Hence, it is a matter of deep concern that these areas are being subjected to rapid urbanisation, and invasive tourism. Across Kodagu, paddy fields and coffee plantations are fast being converted to residential layouts, sites, villas and tourist resorts. Meanwhile, development projects such as national highways, railways, power lines and hydro-electric projects are poised to rip through Kodagu.

The Prime Minister had announced that the North Eastern States would be turned into a global hub for organic produce. This is precisely what needs to be done for the entire country. Each region or sub-region needs to be identified as a zone for a specific purpose and the policies should be formulated and implemented accordingly.

Principal eco-regions - essentially catchment areas and food-growing belts need to be kept relatively free from demographic pressures to the extent possible. The concept of zone-level planning if successfully implemented in India, can also be adopted by other countries.

We need policies to be formulated with a time-vision of around Year 2050. At that time-line, the policy makers can easily foresee the projected population with estimates of the productive and dependent percentage and the requirements by that time in terms of water, food, energy, housing, education, industries etc.

Forests are often linked with catchment areas. India has de-notified 700,000 hectares of forests during the past decade for the sake of development projects. Today, vast areas of our country reel under the specter of drought. Various reports have warned that India is headed for a devastating water crisis. Government policies are urgently required to ensure protection of catchment areas. Even as of now the Chennai water crisis is staring us in the face! We have no time to lose.

Meanwhile, across the country, man-animal conflict is on the rise. Elephants, leopards, bears and even gaurs are increasingly coming into direct contact with human populations outside forest areas. Monkey menace is also a serious problem in many places.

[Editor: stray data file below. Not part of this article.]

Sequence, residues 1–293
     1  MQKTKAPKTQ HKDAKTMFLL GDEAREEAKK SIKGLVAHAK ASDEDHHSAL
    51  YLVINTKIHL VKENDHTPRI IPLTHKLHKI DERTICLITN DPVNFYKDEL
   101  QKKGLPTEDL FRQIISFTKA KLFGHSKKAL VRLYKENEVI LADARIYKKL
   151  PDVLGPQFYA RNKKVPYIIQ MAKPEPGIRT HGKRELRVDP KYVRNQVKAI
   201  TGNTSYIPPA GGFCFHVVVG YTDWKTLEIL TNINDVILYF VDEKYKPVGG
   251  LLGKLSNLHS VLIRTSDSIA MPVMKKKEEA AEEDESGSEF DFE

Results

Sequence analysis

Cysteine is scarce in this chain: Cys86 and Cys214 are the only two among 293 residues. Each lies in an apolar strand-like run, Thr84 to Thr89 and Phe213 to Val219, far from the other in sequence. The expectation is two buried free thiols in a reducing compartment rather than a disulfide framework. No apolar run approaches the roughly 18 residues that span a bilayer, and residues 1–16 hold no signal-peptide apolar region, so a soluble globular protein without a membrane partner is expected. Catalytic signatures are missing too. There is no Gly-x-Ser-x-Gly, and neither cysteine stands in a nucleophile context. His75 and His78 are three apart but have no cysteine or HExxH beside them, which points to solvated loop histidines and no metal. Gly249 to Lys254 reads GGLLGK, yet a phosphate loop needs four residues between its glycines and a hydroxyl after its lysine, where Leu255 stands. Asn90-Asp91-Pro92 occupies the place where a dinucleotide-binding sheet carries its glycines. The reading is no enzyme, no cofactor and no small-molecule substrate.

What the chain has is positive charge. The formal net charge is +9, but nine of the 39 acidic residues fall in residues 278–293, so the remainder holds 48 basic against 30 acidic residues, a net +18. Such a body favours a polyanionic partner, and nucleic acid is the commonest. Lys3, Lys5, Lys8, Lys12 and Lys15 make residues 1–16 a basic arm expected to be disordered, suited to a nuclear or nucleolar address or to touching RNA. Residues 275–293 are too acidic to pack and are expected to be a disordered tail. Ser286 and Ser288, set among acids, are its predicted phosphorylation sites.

There is growing anger and frustration among communities adjacent to forest areas. There is constant demand on the Forest Department to capture, cull, trans-locate and barricade. But unfortunately the focus is only on the species and not on the root causes of habitat destruction which translates to destruction of catchment areas.

Col. Muthanna stresses the need to look beyond our borders when it comes to the looming threat of climate change. The most important case in point is the Himalayan ranges that are vital to food and water security for a sixth of the world’s population across South Asia, China and South East Asia. The effects of climate change in the Himalayas could also pose a threat to our internal security due to Influx of Climate refugees.

If the Himalayas are to be protected from climate change there is a need for cooperation between these concerned nations. Climate change mitigation strategies through reduction of Short Life Climate Forcers (especially Black Carbon) are easily within our reach and at almost no cost.

Col. Muthanna has written a concept paper on the HIMEK Alliance. It is a proposal for the countries of the Himalayas and the Mekong basin to form a regional cooperation for the reduction of Black Carbon emissions coupled with large scale Forest Land Restoration.

Due to his protracted efforts, the International Union for Conservation of Nature [Asia Regional Office] and the Asian Institute for Technology, both based in Bangkok, have signed an MOU last year on the basis of the HIMEK Alliance proposal. In India, we have excellent scope for afforestation of the Himalayas through Ecological Territorial Army units manned by able bodied ex-servicemen points out Col. Muthanna.

There is still time to save these precious eco-regions. The Himalayas in particular holds out immense opportunity for international cooperation and this could be a beacon of hope for other shared eco-regions such as the Alpine ranges, the Andes and the Arctic Ice cap. India should lead the way!